The rundown on scours treatment and prevention

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Springtime calving. The time of year bringing longer hours of daylight, warmer sunshine, galloping baby calves, an end in sight with winter weather, cows nurturing their young – and scours.

“Cattle of any age can develop diarrhea, however, most cases of calf scours occur in the first month of life. There are a variety of causes of scours in baby calves,” says Kevin Gould and Dr. Dan Grooms of Michigan State University.

Scours, also called diarrhea, are watery stools that are shades of brown, grey, green and yellow. Blood and mucus in stools can be associated with scours.

The causes of this dehydrating immune killer are infectious agents including viruses, parasites and bacteria. Typically a case of scours includes a combination of these agents.

According to Gould and Grooms, the infectious agents are mostly shed in fecal matter.

“Studies have demonstrated that many pathogens responsible for scours are shed in the normal-appearing feces of healthy, pregnant beef cows and shedding increases as the pregnant cows approached their calving date, says Gould and Grooms. “Shedding is heaviest in heifers, and shedding tended to increase after cold weather.”

Healthy, older calves can become infected with the agents, also becoming culprits of contaminating the herd environment. This puts young calves in a war zone, especially in concentrated areas like feeding areas and shelters.

While cases can last 1-2 days or even up to 2 weeks, left untreated and they can result in death.

”The highest priority in treating scours is to give back to the calf the water and electrolytes that it has lost in scours – this is called fluid therapy,” says Gould and Grooms. “This corrects dehydration, restores normal acid-base balance, and replaces salts in the calf’s bodily fluids.”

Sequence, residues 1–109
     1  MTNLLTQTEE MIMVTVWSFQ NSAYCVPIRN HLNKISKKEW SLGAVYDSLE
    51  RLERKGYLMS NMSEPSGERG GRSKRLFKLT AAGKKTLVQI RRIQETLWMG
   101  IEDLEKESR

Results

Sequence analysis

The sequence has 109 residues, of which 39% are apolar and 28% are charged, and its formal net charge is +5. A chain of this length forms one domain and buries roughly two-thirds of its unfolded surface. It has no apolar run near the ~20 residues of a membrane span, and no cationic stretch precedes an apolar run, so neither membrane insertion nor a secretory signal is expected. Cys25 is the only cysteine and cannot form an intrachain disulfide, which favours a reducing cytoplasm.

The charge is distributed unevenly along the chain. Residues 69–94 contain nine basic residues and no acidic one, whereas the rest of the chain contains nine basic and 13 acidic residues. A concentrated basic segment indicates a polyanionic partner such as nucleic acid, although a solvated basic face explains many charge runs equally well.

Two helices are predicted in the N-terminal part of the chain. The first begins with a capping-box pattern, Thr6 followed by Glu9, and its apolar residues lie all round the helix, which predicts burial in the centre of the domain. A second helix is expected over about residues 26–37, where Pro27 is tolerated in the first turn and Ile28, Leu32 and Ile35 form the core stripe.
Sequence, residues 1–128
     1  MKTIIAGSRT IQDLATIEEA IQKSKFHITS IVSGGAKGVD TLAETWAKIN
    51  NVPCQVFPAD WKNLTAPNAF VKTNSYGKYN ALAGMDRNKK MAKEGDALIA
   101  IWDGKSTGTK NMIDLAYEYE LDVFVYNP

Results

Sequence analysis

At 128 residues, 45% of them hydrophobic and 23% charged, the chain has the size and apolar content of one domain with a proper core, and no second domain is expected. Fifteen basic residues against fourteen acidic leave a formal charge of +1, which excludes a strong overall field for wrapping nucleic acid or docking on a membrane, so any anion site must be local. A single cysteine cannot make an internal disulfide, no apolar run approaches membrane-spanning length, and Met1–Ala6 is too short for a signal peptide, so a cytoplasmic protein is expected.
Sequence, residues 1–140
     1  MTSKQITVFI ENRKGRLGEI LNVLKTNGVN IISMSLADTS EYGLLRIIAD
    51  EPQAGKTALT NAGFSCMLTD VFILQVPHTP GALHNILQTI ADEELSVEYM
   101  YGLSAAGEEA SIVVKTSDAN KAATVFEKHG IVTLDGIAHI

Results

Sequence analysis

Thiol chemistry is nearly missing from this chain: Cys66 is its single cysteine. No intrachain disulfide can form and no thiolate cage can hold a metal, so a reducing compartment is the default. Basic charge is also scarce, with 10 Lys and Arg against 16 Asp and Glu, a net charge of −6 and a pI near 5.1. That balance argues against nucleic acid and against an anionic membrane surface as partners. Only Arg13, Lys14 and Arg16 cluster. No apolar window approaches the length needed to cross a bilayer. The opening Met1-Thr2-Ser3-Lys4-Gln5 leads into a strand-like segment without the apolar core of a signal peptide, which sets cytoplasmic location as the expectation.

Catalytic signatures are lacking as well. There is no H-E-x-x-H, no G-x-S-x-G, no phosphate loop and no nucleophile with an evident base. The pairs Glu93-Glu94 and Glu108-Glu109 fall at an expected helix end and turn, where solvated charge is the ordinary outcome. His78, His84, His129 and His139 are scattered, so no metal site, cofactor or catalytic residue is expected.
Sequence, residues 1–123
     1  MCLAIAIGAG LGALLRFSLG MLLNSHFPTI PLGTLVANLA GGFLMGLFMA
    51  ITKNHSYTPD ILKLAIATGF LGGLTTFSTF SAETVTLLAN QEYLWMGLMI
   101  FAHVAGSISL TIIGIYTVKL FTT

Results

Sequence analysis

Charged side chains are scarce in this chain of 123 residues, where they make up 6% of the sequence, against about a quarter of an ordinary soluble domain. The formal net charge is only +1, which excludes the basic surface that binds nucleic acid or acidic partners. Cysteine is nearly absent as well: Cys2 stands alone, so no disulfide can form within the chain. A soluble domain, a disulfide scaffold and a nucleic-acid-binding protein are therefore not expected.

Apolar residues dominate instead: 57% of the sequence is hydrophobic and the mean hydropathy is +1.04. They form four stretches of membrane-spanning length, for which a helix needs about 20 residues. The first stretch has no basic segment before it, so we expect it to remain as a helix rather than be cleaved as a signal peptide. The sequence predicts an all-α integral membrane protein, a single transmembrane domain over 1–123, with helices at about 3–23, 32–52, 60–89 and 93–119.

Treatments:

Oral administration: Recommended for calves that are strong enough to follow their dams and move away when approached. This involves giving calves water and electrolytes with an esophageal feeder.

“Depending on the size of the calf and the severity of the scours, 2 - 6 quarts of electrolytes may need to be administered each day. Typically, the total volume of fluid is divided into two or more feedings per day,” says Gould and Grooms.

Intravenous administration: This is recommended for severe cases where calves have become too weak to stand and lethargic.

“Some experienced operators can place a catheter in a scouring calf’s vein; this is most often performed by a veterinarian or veterinary technician,” says Gould and Grooms. “The volume to be given depends on the calf’s size and the severity of the scours.”

While calves typically regain appetite and energy after receiving treatment, calves with severe scours may need nutritional support for multiple days to get healthy. In this case, Gould and Grooms recommend producers consult their veterinarian and develop a feeding regimen.

They also remind producers to provide adequate shelter and bedding during cold spells for calves, and if possible, to separate infected calves from healthy calves. Since some the infectious agents are so easily transmitted, it’s stressed to practice biosecurity.

“It is important to note that some infectious agents that make calves ill can also make people sick. People working with scouring calves should wash their hands before and after handling calves, their feed or their bedding. Practicing proper biosecurity is critical,” says Gould and Grooms.

Prevention:

According to them, no more that 2-3 percent of a producer’s calf crop should develop scours.

It is essential calves receive colostrum after being born, even if it’s through an esophageal feeder. This will help boost the immune system to fight infectious agents. Producers can also develop a vaccination program to boost colostrum antibodies concentration.

Gould and Grooms also recommend to maintain clean calving areas, avoiding areas where large numbers of cows have been kept for extended periods of time.

“The key is to prevent a scours infection and outbreak whenever possible. Good biosecurity, hygiene and proper nutrition for the dam and calf are imperative,” concludes Gould and Grooms. “Infectious agents that cause calf scours are shed by healthy cows and calves so it is not considered practical to expect to prevent scours from ever occurring on your farm.”


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